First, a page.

Two Poems

Fiona Pitt-Kethley

Private Parts

Pencil is less ambiguous than paint,
incising hard lines round the genitals.
I’ve seen art-students, broad-minded enough
to talk naturally to naked models
in their breaks from posing, become furtive
as they draw a penis – men too. Often,
like children cheating in exams, one hand
shielded the other’s workings from all view.
Others erased madly – they’d made it far
too short or long, then, found they’d worked
the paper to a grubby thinness there,
or left black rubber pills like pubic lice.

Marble’s cold and doesn’t change however hard
you stare at it – an easier task than flesh
to draw. Sketching a Roman Mercury
in the Fitzwilliam, I’d toyed with the thighs
for far too long, eyed by some soldier from
a US base nearby. He stood until
I gravitated to the balls, then pounced.
An ugly human, he’d identified
with the smooth body of a God, the image
on the paper, seeing my pencil’s touch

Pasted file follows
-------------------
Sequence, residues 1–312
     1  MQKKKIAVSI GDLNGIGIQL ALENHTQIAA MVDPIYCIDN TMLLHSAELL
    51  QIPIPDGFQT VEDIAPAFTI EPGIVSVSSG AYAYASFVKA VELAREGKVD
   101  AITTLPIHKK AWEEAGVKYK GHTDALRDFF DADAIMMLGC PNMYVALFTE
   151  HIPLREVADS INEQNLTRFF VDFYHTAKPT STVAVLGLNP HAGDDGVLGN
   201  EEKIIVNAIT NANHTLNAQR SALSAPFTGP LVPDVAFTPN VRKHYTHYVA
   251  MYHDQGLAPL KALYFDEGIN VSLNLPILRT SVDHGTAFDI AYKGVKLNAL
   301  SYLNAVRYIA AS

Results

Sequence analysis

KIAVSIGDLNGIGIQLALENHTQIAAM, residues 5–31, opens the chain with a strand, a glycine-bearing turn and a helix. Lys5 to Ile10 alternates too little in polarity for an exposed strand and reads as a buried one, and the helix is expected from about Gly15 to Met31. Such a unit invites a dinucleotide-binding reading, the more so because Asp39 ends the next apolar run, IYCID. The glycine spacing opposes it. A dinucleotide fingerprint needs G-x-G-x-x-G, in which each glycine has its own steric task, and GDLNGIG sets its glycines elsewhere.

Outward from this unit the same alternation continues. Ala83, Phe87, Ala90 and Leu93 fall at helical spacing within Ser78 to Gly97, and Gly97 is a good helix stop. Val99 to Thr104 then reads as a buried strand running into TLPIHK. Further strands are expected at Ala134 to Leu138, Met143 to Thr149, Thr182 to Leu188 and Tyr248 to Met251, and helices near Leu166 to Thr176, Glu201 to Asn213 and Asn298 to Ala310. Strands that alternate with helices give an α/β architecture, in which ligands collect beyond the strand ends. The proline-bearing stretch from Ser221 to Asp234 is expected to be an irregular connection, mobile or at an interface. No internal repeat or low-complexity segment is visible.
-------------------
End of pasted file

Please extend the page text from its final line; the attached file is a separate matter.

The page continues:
as a caress.

First Love

The object of my love sat half-way down
the church – tall, fair and almost twice my age.
A hardened choirgirl, I had all by heart,
and watched him through the seasons of the year
in anthems, collects, choral eucharists.

On weekdays I would cycle by his home
and stand up on the pedals as I passed
to see the garden he was never in.
And if the curtains stirred, I’d race around
the block, then slowly ride by once again.

At home, I only hinted that I thought
he looked like a Greek God. ‘Bit weedy, though!’
my mother said. I bored my friends. One pinned
a note upon his gate – our names linked with
a heart – ‘Is it requited?’ underneath.

His mother, meaning to be tactful, took
that letter to the vicar, who burnt it
in a bizarre ritual. ‘That girl ought to
be shot!’ he said – I think he meant my friend –
and bent to strike a match by the church door.

I didn’t cycle past much after that
and kept my eyes on psalters and hymnbooks.
I still enjoyed singing ‘Love Divine’ though,
and I still kept on making Freudian slips –
‘Lead us into temptation’ being my best.

I peeped from behind prayer-folded hands
as I knelt, thinking it a subtle ruse.
I also got the odd look processing down
the aisle behind ‘Old Humpy’ with his cross,
my Scholls clacking on the heating-gratings.

I started to pose a little, wearing
blue eyeshadow to match my cassock and
lilac on my bare toenails (cheap offers from
some magazine), trying not to notice
another figure sitting in his pew.

When I’d convinced myself that girl whose hand
he held must be a relative, the banns
were called. I hid my sorrow in a sneeze.
Back home, hysterical, I screamed, ‘Only
four years to wait and I’d have been sixteen.’